Time to Rethink CIS Criteria
About 20% of patients do not meet the diagnostic criteria of clinically isolated syndrome (CIS) based on radiological and clinical evidence. Patients who do not fit the CIS diagnostic criteria may yet have oligoclonal bands distinct to CSF, increased IgG synthesis rate and IgG index and must be treated as if they carried a diagnosis of CIS.
It’s time to rethink the diagnostic criteria for clinically isolated syndrome (CIS).
CIS is defined as the first presentation of neurological symptoms suggestive of multiple sclerosis (MS). To be considered CIS, the symptoms—typically optic neuritis or transverse myelitis—need to be isolated in time and accompanied by MRI evidence of demyelination.
In an important review article published in Lancet Neurology in 2012, Miller, Chard, and Ciccarelli of University College London showed that “the long-term risk for clinically definite MS is 20% when MRI of the brain shows no lesions apart from the symptomatic lesion.” This means that it’s likely we’re failing to identify 20% of patients who will go on to develop clinically definite MS. Those missed diagnoses represent a missed opportunity for early treatment and appear disproportionately to burden African-American patients, in whom transverse myelitis is typically the first symptom. In contrast, optic neuritis is typically the first symptom of CIS in Caucasian patients.
Fortunately, there is a relatively simple and rational way to address this problem.
According to a 2008 study by Tintore et al., 23% of patients who had normal MRI findings but were found to have oligoclonal bands in their cerebrospinal fluid (CSF) went on to develop clinically definite MS. According to a 2006 study by Masjuan et al., the presence of more than two oligoclonal bands in the CSF has a positive predictive value of 97%, a sensitivity of 91%, and specificity of 94% for developing MS after CIS.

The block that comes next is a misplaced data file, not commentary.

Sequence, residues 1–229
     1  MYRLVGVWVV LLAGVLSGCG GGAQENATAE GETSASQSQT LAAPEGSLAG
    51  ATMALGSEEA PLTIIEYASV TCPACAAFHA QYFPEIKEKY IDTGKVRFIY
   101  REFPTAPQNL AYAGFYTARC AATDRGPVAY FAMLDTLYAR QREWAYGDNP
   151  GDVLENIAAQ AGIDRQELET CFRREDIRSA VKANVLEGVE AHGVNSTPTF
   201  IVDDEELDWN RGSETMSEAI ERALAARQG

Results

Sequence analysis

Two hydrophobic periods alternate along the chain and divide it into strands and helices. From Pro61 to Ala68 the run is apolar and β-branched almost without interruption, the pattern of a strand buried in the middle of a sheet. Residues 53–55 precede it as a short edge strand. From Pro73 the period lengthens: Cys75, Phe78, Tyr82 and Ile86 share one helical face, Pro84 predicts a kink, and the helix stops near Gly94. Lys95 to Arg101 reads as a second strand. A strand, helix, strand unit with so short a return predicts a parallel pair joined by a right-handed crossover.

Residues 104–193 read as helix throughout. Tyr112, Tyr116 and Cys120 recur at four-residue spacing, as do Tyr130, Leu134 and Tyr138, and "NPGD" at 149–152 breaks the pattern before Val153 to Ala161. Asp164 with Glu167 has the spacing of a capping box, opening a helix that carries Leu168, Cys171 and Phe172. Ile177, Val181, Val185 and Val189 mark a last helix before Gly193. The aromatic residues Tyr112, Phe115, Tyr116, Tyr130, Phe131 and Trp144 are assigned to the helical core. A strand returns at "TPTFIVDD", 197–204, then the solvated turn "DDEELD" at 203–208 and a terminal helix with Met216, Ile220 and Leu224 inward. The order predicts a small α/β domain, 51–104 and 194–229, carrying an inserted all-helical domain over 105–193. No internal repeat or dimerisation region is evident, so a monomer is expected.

Therefore, as I recently presented in an article in the Journal of the Neurological Sciences from which this essay is adapted (Avasarala 2015), I believe we should include CSF data in the formal diagnostic criteria of CIS. African-American populations typically have a higher disease burden in MS, and these patients tend to recover more poorly from relapses and have worse long-term outcomes than Caucasians. They also tend to have more robust CSF data.
Failure to accurately identify patients with CIS represents a missed opportunity. While the lumbar puncture necessary for testing CSF may present some element of risk, I believe the risk is dwarfed by the potential benefit of early treatment.
Disclosures and sources of funding
Dr. Avasarala is a neurologist with fellowship training in MS and currently works for the Greenville Health System in Greenville, South Carolina. He has no conflicts of interest.